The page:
Dan is a 20 year veteran of the ICT industry working for global and local vendors in bringing new and innovative technologies to market in the ANZ region. During his career, Dan has been passionate about bringing a local voice and insights to global technology challenges. As the Editor of GetCyberResilient.com Dan casts a keen eye across the hot topics, trends and pulse of local security practitioners to curate stories from near and far that are most impactful in addressing our evolving risks.
When it comes to cyber threats, knowing where to look and what to look for is half the battle. We dive deeper into how cyber threats are evolving in our latest edition of Email Security Risk Assessment (ESRA), which was featured in CISO MAG and covered by Channel News and mybusiness.
The Mimecast October 2019 ESRA report revealed that email-based impersonations, also known as business email compromise (BEC) attacks, had increased by 269% compared with the previous quarter.
BEC attacks often take the form of emails that contain dangerous files or malware attachments and are able to slip through many traditional email security systems.
This quarter alone, security providers missed up to 28 million spam emails and 60,495 impersonation attacks. What’s more, 28,808 malware attachments and 28,726 dangerous files found their way to users’ inboxes.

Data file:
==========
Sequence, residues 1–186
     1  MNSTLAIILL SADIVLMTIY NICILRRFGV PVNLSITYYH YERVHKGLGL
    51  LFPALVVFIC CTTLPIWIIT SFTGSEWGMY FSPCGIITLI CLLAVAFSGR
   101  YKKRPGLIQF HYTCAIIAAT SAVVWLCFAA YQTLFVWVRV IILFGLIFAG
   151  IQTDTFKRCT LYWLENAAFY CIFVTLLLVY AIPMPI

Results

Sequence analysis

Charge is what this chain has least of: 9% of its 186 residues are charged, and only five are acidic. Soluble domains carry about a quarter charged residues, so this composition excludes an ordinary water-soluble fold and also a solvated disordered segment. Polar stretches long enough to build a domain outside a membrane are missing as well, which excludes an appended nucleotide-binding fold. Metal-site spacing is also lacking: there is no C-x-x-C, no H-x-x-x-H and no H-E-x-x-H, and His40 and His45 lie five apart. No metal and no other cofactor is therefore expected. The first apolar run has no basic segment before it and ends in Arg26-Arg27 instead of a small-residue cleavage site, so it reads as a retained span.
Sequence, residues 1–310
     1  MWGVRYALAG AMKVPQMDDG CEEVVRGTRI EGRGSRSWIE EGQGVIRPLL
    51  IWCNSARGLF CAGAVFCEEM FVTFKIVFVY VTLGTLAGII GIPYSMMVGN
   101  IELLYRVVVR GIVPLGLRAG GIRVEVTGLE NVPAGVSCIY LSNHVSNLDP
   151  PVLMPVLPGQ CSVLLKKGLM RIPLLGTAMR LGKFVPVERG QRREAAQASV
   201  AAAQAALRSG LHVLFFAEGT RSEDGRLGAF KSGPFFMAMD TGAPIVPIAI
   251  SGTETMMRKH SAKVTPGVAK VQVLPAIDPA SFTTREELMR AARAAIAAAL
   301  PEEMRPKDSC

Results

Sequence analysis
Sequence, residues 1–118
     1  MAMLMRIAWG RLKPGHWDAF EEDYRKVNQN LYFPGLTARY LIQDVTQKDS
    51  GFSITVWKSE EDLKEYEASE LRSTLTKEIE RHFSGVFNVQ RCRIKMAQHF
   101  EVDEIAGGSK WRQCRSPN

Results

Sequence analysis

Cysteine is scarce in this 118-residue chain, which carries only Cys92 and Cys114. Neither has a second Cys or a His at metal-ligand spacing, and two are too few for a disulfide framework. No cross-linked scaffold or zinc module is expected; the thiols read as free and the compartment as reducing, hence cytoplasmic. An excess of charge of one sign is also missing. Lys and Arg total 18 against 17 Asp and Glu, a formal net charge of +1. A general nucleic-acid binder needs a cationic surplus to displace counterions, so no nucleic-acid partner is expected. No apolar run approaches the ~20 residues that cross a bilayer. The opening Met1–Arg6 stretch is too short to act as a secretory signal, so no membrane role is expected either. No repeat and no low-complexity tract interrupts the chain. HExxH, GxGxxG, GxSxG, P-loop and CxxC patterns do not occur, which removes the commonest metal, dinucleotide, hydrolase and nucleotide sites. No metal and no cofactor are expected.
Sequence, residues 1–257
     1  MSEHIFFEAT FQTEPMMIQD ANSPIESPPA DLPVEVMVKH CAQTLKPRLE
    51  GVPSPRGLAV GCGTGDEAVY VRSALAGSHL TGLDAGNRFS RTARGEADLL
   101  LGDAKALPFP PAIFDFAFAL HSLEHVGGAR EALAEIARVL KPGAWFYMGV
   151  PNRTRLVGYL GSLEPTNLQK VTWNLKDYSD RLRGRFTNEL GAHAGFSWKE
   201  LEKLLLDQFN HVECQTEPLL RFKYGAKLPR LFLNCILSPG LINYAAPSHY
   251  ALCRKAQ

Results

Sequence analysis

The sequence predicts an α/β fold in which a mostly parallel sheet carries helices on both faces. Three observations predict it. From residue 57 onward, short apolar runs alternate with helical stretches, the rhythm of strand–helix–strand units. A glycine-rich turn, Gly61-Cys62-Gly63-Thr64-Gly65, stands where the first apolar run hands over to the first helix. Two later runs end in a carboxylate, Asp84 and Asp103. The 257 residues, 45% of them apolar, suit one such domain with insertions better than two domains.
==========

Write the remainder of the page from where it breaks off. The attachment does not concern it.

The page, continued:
The increase in BEC attacks is a rising trend globally. The research in our State of Email Security 2019 report found that out of 1,025 global respondents, 85% had experienced an impersonation attack in 2018. 73% of those attacked experienced a direct impact on their business.
“This ESRA report pointed out that impersonation attacks continue to menace all types of organisations, but I think the real issue is that there are tens of thousands email-borne threats successfully able to bypass the email security systems that organisations’ have in place, effectively leaving them vulnerable and putting a lot of pressure on their employees to discern malicious emails,” said Joshua Douglas, vice president of threat intelligence at Mimecast.
The threat posed by cyberattacks is only going to grow bigger. Cybercriminals are always looking for new ways to bypass traditional defenses and trick users into giving them access. To build cyber resilience against evolving attacks, the industry needs to invest more in research and development and make sure their security measures take into account everyday human behaviour. The best way to accomplish that is to raise awareness and make it easier for everyday users to become active participants in cybersecurity efforts.